Ol' One- shot!
by Cliff Huntington
"I hesitate to use superlatives to describe this man's
ability for fear I may sound trite, but how else does one describe
an athlete who is phenomenal. In pro sports today the standouts
are referred to as super stars. Howard Hill was a super SUPER
star. He is one of the few men to become a genuine legend during
his own lifetime." Bob Swinehart, a pretty fair country
archer himself, made those statements in Sagittarius.
Has Hill's popularity waned since his death in 1975? As a collector
of archery books I keep pretty close to the market, always searching
for that rare, elusive title and over the past year I've seen
the demand for Hunting The Hard Way and Wild Adventure
sky-rocket. It doesn't appear that Howard Hill shall be forgotten
Was Howard Hill the super star Swinehart claimed? Is he, as many
suggest, the greatest archer of this century and possibly of
all time? These questions probably are best suited for late night
campfire discussions, but certainly, it would be difficult to
dispute that Howard Hill was the complete archer. He could do
it all and like Elvis, we will never see the like again.
Hill was a physical power-house, weighing better than 200 pounds
and standing six feet two inches in height with huge forearms.
Coupled with his strength and size was an athletic ability that
enabled him to excel in most sports. He played football, basketball
and baseball at Auburn University. He played semi-pro baseball
for seven years. While living in Miami, Florida, Hill worked
for the Hughes Tool Company during the week and as a golf pro
for the Opa Locka Golf Course on weekends. Only one thing kept
him from playing professional golf, he couldn't putt. We are
all fortunate that when he read The Witchery Of Archery
by Maurice Thompson, his life turned around and a life long dedication
to the promotion of Archery became his guiding light.
Howard Hill designed and made all of his own equipment. He was
a proponent of heavy bows, heavy arrows and 3:1 ratio, cut on
impact two-edge broadheads with a concave cutting surface. He
liked longbows with draw weights of from 75 to 100 pounds for
hunting with his preferred weight in the 80 to 90 pound range.
Two of his favorite bows were Grandpa, an 85 pound bow
generally used for hunting big game and exhibition shooting and
Grandma, pulling 65 pounds which Howard used occasionally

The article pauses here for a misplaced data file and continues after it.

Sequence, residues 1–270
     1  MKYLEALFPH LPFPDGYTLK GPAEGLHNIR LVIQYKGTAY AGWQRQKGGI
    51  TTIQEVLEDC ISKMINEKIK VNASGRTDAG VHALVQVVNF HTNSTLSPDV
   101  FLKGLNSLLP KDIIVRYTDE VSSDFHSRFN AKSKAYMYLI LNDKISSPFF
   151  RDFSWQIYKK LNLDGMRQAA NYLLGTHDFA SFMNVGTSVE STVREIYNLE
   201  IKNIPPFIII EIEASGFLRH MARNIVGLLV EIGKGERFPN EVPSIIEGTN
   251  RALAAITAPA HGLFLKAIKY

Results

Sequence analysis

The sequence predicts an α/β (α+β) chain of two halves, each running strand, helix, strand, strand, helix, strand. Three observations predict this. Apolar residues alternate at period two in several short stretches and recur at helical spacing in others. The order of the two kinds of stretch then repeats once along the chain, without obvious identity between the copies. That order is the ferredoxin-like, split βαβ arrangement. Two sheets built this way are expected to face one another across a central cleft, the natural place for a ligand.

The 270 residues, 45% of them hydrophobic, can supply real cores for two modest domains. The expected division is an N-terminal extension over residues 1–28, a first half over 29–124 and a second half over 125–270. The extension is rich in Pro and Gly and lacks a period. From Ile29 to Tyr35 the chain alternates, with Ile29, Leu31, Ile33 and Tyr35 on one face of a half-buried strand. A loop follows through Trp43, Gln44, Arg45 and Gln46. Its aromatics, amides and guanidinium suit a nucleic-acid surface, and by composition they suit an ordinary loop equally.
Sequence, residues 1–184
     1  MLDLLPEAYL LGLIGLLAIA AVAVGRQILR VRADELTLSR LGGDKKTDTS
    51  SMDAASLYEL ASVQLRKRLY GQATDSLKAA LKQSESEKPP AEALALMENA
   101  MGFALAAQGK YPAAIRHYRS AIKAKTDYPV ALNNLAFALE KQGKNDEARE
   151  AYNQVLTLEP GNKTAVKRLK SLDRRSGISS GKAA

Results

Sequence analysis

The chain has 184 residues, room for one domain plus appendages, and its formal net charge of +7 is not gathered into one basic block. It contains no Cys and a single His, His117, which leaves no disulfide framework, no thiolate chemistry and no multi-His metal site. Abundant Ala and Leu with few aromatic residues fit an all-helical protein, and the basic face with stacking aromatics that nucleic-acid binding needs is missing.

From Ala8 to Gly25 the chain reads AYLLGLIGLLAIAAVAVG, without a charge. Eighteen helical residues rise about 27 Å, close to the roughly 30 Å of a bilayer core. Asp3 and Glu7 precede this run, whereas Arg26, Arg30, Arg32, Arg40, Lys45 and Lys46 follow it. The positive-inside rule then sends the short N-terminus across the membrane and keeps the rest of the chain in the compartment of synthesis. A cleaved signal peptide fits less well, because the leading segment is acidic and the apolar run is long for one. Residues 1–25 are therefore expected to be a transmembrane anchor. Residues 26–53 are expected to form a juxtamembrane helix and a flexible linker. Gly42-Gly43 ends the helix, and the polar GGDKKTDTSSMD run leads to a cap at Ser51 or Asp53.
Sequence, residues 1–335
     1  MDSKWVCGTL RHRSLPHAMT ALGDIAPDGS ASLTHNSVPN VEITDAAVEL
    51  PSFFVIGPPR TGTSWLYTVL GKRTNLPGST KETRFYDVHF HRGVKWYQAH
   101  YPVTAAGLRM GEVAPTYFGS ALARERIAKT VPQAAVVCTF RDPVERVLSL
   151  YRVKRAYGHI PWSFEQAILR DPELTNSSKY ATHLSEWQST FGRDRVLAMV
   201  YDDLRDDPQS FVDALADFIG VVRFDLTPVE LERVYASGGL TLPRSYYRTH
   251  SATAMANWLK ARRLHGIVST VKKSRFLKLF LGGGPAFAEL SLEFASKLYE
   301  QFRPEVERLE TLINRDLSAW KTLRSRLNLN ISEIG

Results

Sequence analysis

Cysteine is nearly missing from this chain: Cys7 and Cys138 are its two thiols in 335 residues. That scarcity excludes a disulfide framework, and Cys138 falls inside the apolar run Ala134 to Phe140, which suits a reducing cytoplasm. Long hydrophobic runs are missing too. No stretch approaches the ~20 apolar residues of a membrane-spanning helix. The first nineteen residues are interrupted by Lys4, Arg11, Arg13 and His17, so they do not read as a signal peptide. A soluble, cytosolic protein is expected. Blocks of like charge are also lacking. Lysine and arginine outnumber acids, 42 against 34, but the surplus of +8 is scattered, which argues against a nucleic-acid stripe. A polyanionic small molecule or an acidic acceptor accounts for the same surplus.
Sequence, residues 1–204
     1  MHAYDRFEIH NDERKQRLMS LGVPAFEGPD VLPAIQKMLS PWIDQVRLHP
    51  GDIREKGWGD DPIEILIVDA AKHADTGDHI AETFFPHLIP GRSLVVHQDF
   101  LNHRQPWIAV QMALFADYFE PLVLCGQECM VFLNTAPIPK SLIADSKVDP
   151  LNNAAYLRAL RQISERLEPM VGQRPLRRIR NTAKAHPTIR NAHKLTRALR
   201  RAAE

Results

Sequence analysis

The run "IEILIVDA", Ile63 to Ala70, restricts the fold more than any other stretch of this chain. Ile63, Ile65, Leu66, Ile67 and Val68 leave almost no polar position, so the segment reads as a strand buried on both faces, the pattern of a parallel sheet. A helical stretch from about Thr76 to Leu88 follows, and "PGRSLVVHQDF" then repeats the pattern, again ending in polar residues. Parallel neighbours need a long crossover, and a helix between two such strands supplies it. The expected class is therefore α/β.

for small game hunting.
When pressed as to why he used this type bow, he replied, "I
use the straight-end split bamboo longbow for the simple reason
that it requires a less exacting hold and loose to get necessary
accuracy while hunting, where quick shots must be made from unconventional
positionsstanding, kneeling or sittingnot the traditional target
Howard's hunting produced a record of game taken that probably
will never be surpassed. He's most famous animal is certain to
be the elephant he took in 1950 while hunting and filming in
Africa, gaining Howard the fame of being the first white man
to kill an elephant with bow and arrow. He used a 41 inch aluminum
arrow tipped with an enlarged version of his classic Howard Hill
Broadhead weighing in at 1700 grains. The bow he used had a draw
weight of 115 pounds.
Howard Hill earned many awards during his career to include the
Maurice Thompson Medal of Honor in 1963, the National Archery
Association's most prestigious award and was one of the first
group of archers to be inducted into the Archery Hall of Fame.
He won 196 Field Archery tournaments in a row, wrote the first
set of Archery Golf Rules in 1928, won seven National Archery
Golf tournaments, won the NAA Flight Championship in 1928 setting
a new record and as incredible as it may seem, drew 35,000 spectators
in Grants Park, Chicago, in 1941, to an archery shooting exhibition
he performed. The crowd afterwards literally tore the shirt off
his back and also took his bow, arrows and quiver for souvenirs.
Do we have anyone today that can pull a similar crowd? Doubtful.
Howard became involved with the film making industry as an archery
consultant and performed the actual shooting scenes in eight
movies. Who can forget Howard's incredible shooting in "
The Adventures of Robin Hood," starring Errol Flynn. Howard
shot 11 stuntmen in this movie, but due to retakes with some
scenes, by his own admission, he actually made 45 shots on stuntmen.
These stuntmen were protected by a pad approximately 14"
high and 12" wide. This pad was comprised of a felt backing,
a 1/16 inch steel plate and three inches of balsa wood on the
front to catch and hold the blunt arrows Howard used. Other than
a few bruises from the impact of his hard hitting bows, no stuntmen
Some of Howard's more entertaining outings were ones taken with
Ed Hill in that big tired, Model A Ford Ed had transformed into
a dune buggy affectionately name "The Whoopie." Archers
like Ken and Walt Wilhelm, Skeet Moore and Wayne Stotler, to
name a few, hunted with Howard in California, Nevada and other
Western states. They were all connected by their love of the
bow, a large capacity to enjoy life and fellowship, and it made
little difference whether they were hunting trophy mule deer
or bouncing bunnies out of desert scrub. Those were wonderful
days for archery and we owe much to Howard, Skeet, Walt, Ken,
Ed, Wayne and a host of others for their contributions.
For an in depth view of the man they called "Ol' One Shot,"
check out Howard Hill, The Man And The Legend by Craig
Ekin, Hunting The Hard Way and Wild Adventure by
Howard Hill and the chapter in Sagittarius by Bob Swinehart
titled "Living With A LegendHoward Hill."